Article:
A simple premise undergirded his voracious reading: to reach liberals, you have to be able to explain their world better than they can. Students and churchgoers would frequently comment on his ability to explain our world’s narratives about power, sex, and justice in a way that is both concise and resonant. At the same time, inherent in his practice was a genuine belief that his interlocutors sought truth, beauty, and meaning even when their worldview didn’t espouse it. Whether it was a progressive who cares about justice, a skeptic who cares about truth, or a libertine who cares about freedom, Tim believed secular humanists were earnest about beliefs and concerns. Likewise, Tim also believed his critics were also earnest. During some classes, he would give us discernment blogs critiquing his methodology and would ask us to find places where we agree with the critique. Tim maintained this all-encompassing good-faith belief in his interlocutors until the end, allowing him to believe that a fruitful conversation with progressives is possible.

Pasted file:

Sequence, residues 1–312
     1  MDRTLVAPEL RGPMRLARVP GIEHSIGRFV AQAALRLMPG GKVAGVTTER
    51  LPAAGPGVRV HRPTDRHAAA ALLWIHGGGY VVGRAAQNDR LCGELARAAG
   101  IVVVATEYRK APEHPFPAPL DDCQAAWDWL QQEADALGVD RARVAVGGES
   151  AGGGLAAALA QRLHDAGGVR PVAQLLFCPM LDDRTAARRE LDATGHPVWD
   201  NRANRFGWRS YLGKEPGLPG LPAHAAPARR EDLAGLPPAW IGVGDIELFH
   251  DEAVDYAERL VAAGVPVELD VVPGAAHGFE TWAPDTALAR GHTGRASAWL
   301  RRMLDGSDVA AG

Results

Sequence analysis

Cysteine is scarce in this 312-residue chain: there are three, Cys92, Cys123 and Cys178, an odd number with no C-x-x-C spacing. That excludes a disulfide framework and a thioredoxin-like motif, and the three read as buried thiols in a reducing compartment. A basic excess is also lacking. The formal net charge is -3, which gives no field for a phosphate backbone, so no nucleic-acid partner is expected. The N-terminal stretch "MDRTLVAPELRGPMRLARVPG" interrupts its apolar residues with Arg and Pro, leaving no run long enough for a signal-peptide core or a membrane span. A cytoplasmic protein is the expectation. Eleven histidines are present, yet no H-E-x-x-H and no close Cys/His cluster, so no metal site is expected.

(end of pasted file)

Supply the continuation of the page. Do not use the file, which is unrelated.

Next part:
Tim’s aim, with his reading and personal earnestness, was to call out the idols that captivated these New Yorkers and seduce them by showing Christianity as containing the true pathway to their concerns. If a progressive cared about justice, he would question their understanding of human rights outside Christianity. If a person believed Christianity interfered with the priority on human freedom, he would question if someone is truly “free” under relativism. If a libertine believed that Christianity interfered with their sexual freedom, Tim would show that modern society degrades sex and that Christianity was the first true, sexual revolution. In this way, Tim tried to sow the seeds of doubt in his listeners and present Christianity as the best way to resolve the tension introduced.